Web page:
Are suburbs making a comeback?
Rent is rockin’ the suburbs, especially those that immediately surround major cities.
Nationwide, rents are climbing faster in suburban areas than in urban ones, according to a recent Zillow report, for the first time in four years. But that doesn’t necessarily mean suburbs are becoming more popular than their metropolitan counterparts.
According to analysts, the spike in suburban rents can be attributed to the lack of affordable apartments within cities, and the rise in popularity of single-family rentals.
In Los Angeles County, suburban median rents rose 5.2 percent from March 2016 to March 2017, compared to a 4.9 percent increase in the urban core. The disparity is slightly larger in L.A. than it is in the country as a whole. Nationwide, urban rents rose 2.3 percent while suburban rents increased by 2.5 percent.
The divergence between urban and suburban rents, however, is most stark in San Francisco, where urban rents fell by 0.4 percent while suburban rose by 2.3 percent. In New York, urban rents barely rose, ticking up just 0.7 percent, while suburban rents shot up 3.3 percent. In Seattle, too, urban rents lagged behind, increasing 6.3 percent while suburban rents increased by 8.2 percent.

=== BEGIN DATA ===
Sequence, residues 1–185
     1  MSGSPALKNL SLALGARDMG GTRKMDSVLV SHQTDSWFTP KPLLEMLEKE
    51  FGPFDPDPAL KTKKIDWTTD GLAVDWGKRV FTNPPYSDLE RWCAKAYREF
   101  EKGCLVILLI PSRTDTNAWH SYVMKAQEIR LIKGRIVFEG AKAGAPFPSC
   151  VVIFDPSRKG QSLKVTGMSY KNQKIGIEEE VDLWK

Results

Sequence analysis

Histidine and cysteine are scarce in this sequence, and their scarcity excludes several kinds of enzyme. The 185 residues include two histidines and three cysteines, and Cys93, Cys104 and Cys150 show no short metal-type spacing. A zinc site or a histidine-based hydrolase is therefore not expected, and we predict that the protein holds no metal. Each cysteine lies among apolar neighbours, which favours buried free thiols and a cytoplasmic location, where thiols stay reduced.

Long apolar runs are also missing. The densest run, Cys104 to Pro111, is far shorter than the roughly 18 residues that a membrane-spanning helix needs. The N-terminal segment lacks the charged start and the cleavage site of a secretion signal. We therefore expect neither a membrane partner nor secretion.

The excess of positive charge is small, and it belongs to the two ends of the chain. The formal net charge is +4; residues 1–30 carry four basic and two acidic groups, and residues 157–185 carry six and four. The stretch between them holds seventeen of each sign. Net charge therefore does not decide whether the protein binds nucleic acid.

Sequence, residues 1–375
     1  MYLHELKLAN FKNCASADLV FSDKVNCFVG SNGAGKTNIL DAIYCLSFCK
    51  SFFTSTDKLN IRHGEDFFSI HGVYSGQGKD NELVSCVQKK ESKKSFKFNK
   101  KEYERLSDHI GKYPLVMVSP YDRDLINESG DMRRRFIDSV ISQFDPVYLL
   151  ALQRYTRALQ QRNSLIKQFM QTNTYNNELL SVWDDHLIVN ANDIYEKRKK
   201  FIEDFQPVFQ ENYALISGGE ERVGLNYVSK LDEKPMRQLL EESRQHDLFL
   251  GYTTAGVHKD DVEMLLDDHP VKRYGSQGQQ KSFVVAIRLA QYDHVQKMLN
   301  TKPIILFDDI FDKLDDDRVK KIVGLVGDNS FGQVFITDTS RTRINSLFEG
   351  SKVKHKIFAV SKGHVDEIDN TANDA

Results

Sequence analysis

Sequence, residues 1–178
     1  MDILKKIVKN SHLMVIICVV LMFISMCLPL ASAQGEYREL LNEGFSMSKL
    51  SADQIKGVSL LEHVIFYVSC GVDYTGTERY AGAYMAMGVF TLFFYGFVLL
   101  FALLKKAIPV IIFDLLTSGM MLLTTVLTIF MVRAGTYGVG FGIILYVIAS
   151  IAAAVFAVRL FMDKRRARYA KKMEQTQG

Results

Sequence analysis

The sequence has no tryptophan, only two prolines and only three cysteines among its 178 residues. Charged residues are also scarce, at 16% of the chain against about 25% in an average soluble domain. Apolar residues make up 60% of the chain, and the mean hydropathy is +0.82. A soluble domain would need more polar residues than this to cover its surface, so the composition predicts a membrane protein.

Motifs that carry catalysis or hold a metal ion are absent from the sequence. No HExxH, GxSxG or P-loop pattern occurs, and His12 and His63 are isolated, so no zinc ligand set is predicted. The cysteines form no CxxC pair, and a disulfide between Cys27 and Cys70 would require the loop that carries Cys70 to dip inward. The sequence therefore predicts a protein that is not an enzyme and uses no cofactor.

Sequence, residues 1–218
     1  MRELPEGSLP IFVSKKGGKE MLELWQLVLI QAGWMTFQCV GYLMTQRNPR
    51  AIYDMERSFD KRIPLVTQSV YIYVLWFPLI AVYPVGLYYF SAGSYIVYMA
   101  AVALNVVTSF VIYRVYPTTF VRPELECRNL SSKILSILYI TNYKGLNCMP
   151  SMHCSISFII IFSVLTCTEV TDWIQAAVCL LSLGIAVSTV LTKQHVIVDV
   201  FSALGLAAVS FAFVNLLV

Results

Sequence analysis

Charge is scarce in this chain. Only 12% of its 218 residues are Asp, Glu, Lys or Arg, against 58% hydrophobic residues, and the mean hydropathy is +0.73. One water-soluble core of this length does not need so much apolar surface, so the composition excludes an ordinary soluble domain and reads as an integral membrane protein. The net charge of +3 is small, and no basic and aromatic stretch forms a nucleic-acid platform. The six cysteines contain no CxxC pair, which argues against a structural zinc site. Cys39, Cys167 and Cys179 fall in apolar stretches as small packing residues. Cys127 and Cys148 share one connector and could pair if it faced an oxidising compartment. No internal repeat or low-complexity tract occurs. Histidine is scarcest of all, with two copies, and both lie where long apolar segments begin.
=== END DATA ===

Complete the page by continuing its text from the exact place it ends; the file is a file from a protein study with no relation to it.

“The trend is more pronounced in booming markets where rent affordability is an issue…places like San Francisco, where people earning the median income pay almost 44 percent of their rent for a median-priced rental,” the Zillow report concludes.
The suburbs nonetheless remain more affordable to renters, at least for the time being, according to Zillow analysts. This is why rental demand is high. Suburbs also have a higher concentration of single-family homes, which are appealing to rental households unable to buy a single-family home.